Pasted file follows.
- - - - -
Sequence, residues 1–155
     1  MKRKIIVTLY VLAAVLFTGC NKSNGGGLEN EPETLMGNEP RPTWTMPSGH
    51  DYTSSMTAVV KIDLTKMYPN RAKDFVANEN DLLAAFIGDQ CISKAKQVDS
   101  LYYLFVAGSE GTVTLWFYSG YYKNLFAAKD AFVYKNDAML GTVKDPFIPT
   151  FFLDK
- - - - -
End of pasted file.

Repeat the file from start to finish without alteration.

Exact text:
Sequence, residues 1–155
     1  MKRKIIVTLY VLAAVLFTGC NKSNGGGLEN EPETLMGNEP RPTWTMPSGH
    51  DYTSSMTAVV KIDLTKMYPN RAKDFVANEN DLLAAFIGDQ CISKAKQVDS
   101  LYYLFVAGSE GTVTLWFYSG YYKNLFAAKD AFVYKNDAML GTVKDPFIPT
   151  FFLDK